Treatment of rickets with vitamin D and phosphate supplements has been shown to prevent or cure the dental anomalies in some8,9 but not all patients.13-15 Local prophylactic measures have therefore been proposed to prevent the occurrence of multiple dental abscesses.22-25 Beginning in the 1970s, 1-hydroxylated forms of vitamin D have progressively superseded vitamin D itself for the treatment of hypophosphatemic rickets. 1α-Hydroxycholecalciferol is a synthetic 1-hydroxylated vitamin D3 compound that is rapidly converted to 1,25-(OH)2D3 in the liver and has a pharmacologic profile similar to that of 1,25-(OH)2D3, the current standard therapy for familial hypophosphatemic vitamin D–resistant rickets (VDRR) in the United States.26 This later strategy clearly improved the prevention and correction of bone deformities in children with hypophosphatemic rickets, as well as their skeletal growth.7 However, its influence on teeth abnormalities has not been specifically addressed. We evaluated the effects of 1-hydroxylated vitamin D treatment on the dental status of patients with familial VDRR.
METHODS We examined 48 children and adults with VDRR regularly followed as outpatients in the Saint Vincent de Paul HosDental Abnormalities in Patients With Familial Hypophosphatemic Vitamin D–Resistant Rickets: Prevention by Early Treatment With 1-Hydroxyvitamin D
pital, Paris, and analyzed the results as regards the vitamin D form administrated during childhood and their compliance to treatment. Patients were recruited over a period of 18 months on the occasion of a systematic outpatient follow-up; 39 had been followed since early childhood in our department (age, 335 years). They had received vitamin D or 1α-hydroxy vitamin D3 (Unalfa, Leo Laboratories, St Quentin on Yvelines, France) during infancy and/or childhood, depending on their year of birth. The 9 others were adults when first seen in our department (age, 29-52 years) and had received vitamin D or no treatment during childhood. Familial transmission of the disease was observed in 32 patients (15 families). Eleven had established mutations in the PHEX gene (5 families), as previously reported for 3 of the families.3 The 16 other patients had no known familial history of hypophosphatemic rickets. Informed consent was obtained from all patients and/or their parents before the dental examination. All patients had a thorough dental examination for malposition, dysplasia, carious lesions, pulp disease, and gingival disease. For each patient the decayed, missing, or filled teeth (DMFT) index for permanent teeth and decayed or filled teeth (DFT) index for primary teeth was evaluated. Eighteen patients had radiologic examination (orthopantomogram, periapical, and bite-wing radiographs) to analyze the volume of the pulp cham325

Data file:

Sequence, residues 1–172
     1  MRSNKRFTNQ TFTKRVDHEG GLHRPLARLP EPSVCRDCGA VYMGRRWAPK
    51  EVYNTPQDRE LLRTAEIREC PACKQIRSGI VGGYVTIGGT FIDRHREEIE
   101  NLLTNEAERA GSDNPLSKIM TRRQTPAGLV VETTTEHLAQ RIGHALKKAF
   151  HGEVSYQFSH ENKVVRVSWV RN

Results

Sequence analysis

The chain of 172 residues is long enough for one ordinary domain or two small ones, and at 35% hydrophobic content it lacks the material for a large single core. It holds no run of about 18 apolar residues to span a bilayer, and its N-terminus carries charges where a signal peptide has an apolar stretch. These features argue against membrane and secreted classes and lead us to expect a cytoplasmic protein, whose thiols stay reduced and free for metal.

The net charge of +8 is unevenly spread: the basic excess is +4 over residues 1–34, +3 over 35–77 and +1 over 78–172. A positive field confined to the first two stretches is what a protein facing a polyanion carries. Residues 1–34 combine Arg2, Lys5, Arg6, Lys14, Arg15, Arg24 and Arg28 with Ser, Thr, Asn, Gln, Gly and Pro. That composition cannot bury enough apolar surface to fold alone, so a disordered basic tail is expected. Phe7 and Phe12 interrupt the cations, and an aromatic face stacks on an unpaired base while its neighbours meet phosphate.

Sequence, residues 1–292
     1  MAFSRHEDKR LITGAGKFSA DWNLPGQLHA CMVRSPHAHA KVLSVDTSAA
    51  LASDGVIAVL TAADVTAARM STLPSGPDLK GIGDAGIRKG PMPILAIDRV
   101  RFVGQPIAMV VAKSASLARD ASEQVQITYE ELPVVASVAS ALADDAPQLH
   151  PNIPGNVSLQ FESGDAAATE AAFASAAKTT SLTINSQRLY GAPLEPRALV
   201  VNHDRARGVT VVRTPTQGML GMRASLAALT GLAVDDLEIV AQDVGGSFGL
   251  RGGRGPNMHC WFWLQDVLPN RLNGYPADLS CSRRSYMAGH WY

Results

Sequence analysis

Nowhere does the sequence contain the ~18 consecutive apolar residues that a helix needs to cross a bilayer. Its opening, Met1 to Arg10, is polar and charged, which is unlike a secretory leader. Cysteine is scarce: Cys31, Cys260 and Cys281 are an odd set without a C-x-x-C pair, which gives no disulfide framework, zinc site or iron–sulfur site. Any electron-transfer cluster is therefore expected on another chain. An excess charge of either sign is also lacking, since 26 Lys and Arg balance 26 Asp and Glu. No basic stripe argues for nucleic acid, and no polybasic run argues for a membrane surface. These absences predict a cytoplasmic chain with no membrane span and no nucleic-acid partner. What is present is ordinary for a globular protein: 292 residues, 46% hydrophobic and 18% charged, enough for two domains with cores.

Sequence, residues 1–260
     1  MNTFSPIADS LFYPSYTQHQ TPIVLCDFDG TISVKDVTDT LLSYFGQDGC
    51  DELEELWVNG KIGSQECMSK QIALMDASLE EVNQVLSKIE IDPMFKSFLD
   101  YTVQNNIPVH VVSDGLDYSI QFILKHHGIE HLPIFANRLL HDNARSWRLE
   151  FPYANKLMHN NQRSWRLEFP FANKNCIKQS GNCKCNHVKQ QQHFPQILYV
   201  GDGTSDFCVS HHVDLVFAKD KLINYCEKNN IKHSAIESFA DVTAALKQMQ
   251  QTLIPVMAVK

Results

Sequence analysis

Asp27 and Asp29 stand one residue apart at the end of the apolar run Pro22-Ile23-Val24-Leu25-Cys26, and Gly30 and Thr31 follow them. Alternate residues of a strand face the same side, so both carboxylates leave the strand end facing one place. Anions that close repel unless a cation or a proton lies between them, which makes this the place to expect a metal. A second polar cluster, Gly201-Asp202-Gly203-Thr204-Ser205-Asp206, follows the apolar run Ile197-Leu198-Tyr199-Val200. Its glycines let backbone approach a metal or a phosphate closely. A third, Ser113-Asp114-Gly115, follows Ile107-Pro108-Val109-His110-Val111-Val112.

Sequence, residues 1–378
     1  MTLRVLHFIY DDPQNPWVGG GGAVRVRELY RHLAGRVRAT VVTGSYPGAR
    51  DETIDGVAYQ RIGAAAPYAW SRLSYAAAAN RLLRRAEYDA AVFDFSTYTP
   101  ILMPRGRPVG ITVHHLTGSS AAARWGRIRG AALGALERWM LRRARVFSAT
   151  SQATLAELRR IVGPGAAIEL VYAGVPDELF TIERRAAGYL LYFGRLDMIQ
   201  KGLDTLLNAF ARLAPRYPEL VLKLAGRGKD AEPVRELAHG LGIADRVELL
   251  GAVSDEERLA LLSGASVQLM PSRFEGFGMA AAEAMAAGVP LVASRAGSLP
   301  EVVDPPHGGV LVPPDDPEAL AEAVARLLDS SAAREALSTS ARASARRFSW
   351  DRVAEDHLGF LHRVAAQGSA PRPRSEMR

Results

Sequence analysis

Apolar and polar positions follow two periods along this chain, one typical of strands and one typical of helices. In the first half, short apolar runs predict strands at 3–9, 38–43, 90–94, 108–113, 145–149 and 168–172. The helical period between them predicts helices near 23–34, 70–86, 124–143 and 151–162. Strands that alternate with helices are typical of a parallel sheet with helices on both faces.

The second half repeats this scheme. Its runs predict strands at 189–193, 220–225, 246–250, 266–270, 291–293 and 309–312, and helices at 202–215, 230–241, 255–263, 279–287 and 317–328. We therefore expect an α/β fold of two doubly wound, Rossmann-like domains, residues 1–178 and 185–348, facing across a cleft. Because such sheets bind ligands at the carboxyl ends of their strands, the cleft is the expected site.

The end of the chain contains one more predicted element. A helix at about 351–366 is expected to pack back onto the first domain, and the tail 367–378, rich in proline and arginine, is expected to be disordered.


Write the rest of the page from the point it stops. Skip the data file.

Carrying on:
tween 9 and 14 years of age (n = 3), or after the end of puberty (n = 6). Male and female adult patients in this group had a short stature (156 ± 1.7 and 150 ± 6.0 cm, respectively; mean ± 1 SD). Their mean height was 2.4 ± 0.9 SD less the mean height of French reference adult populations. Group 2 includes the 32 patients born after 1972 (20 female and 12 male patients; mean age, 11 years; range, 3-25 years). All received phosphate supplements and Unalfa from a mean age of 18 months (range, 1 to 6 years) and were still treated on the day of dental examination. Seven of these patients were siblings (3 families), 4 patients had an affected father belonging to group 1 (2 families), and 11 had an affected mother belonging to group 1 (9 families). Only 4 patients had reached adulthood, but 3 were taller than group 1 patients (163, 167, and 172 cm). The mean statural growth defect in this group was –1.2 ± 1.3 SD.
2.4 ± 2.4
Table I. Dental status of 48 patients with hypophosphatemic rickets Group 1 Age (y) Mean (range) 37 (28-52) Missing teeth (permanent dentition)* No. of patients with ≥2 9/16 missing teeth Percentage of missing teeth 22 (0-100) per patient† M/DMFT 101/329 = 0.3 Necrosed or endodontically treated teeth No. of patients with necrosed 16/16 or endodontically treated teeth Percentage of altered teeth 58 (25-100) per patient† DMFT (mean ± SD) 20.4 ± 6.4
Group 2 11 (3-25) 2/27 0.5 (0-14) 5/49 = 0.1 10/32
*Only patients with permanent teeth were considered for evaluation of missing teeth. †Values are presented as mean and range.